Just a few days ago, China commemorated 40 years of opening up of the economy through reform. President Xi Jinping affirmed the country’s commitment to reform but stressed that the Communist Party’s dominance and leadership has been the key to China’s economic achievements. In his 90 minutes speech, Xi reiterated his support for strengthening the private sector, promoting innovation, and solving unbalanced development, but he did not provide any details. While these promises aim to boost private sector development, entrepreneurs appear to have significantly soured on their economic outlook and business confidence following recent shifts in government policy, including growing pressure to set up Communist Party cells within private enterprises.
Last year, Chinese authorities requested “comprehensive Party building” in the private sector, including within foreign companies operating in China. Requiring private companies to set up Party branches or Party cells is not a new practice. Since early 2000, private enterprises with three Communist Party members had to establish a Party cell. A Party cell has managerial or governance function and is a way to co-opt the private sector. Recently, the government has begun a new push to set up Party cells in private companies and even in foreign firms and joint ventures, at a time when the political power in China has become more centralized than ever. By 2016, the ratio of the nonstate enterprises that had Party cells had risen to almost 70 percent, a significant increase from just one year prior. Foreign companies in China feel the pinch as well, with an equivalent 70 percent of foreign companies hosting Party cells. Groups like the German Chambers of Industry and Commerce in China have warned their members of Communist Party attempts to strengthen its influence on wholly foreign-owned companies operating in China.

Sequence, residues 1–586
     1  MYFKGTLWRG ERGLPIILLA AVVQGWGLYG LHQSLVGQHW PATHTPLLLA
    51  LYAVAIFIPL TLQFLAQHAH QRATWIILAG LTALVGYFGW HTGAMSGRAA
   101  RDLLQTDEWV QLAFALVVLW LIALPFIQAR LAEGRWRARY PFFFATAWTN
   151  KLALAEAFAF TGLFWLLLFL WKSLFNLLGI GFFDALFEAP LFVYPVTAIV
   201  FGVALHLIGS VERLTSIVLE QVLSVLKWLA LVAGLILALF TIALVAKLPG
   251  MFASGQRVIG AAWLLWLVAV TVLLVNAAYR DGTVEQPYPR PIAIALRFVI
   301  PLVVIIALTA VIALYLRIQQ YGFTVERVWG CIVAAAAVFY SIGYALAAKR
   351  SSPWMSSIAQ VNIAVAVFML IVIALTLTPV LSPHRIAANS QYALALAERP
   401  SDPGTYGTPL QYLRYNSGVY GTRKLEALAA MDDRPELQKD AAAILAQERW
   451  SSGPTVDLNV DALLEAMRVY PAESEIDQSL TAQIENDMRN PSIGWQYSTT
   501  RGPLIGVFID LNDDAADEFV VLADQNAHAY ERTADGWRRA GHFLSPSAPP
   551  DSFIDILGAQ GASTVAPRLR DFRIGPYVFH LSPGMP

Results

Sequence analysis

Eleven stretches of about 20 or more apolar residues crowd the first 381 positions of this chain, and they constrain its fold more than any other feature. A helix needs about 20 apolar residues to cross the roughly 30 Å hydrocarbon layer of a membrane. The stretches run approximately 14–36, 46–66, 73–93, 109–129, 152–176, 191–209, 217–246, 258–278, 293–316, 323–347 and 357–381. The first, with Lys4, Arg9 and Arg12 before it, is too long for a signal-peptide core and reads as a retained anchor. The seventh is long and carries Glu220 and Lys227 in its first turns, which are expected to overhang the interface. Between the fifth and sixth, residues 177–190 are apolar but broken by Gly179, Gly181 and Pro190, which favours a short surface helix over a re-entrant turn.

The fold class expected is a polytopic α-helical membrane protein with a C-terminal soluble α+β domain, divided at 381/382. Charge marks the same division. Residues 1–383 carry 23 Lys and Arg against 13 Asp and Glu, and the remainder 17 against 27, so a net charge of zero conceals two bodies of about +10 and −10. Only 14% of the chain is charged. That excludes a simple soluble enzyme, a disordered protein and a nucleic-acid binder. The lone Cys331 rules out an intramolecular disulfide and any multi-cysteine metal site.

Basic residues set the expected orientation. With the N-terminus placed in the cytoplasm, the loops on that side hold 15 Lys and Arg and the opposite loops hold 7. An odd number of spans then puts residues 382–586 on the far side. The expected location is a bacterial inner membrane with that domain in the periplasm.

The impact of adding a Party cell goes far beyond an increase in the cost of doing business. It also impacts the corporate structure and management decisions as they grow more opaque with the blurring of lines between the state’s role and private ownership. In so doing, this policy threatens to reverse China’s four decades old reform agenda of opening up to private enterprise as an engine of growth.Enjoying this article? Click here to subscribe for full access. Just $5 a month.
Moreover, Chinese state-owned enterprises (SOEs) have altered their by-laws to highlight the leadership role of the Communist Party, with the Party advising boards in management decisions. As many of the SOEs are listed on the Hong Kong Stock Exchange, these moves raise serious corporate governance questions. Some argue that the companies will ignore shareholders’ interests in favor of aligning with Party policy and interest. These governance changes highlight the more aggressive stance that the Chinese state wants to take in dominating every aspect of the society and economy, while exposing the contradictions in the Chinese leadership’s claim “to let the market forces play a greater role.”
In fact, entrepreneurs feel very insecure about their ownership and control over their businesses and companies. For instance, Alibaba’s Jack Ma once said that if the government wants to take over Alipay (value at $150 billion), he will gift it to the state without complaint. Tech startups are increasingly encouraged to sell shares to government bodies so that government-designated representatives can sit on the board to participate in management and operating decisions.
Doing business in China will remain a challenge as the country continues to be ruled by the party rather than by the rule of law, with the state omnipresent in the board rooms of private companies. The government can have more private sector forums like the one in November chaired by Xi to try to revive the confidence of the private sector. But rhetoric alone is not sufficient; the real challenge is whether the government can promote the rule of law, respect private ownership, and allow space for a free marketplace of ideas to flourish.
Catherine Tai is the Program Officer for Asia of the Center for International Private Enterprise.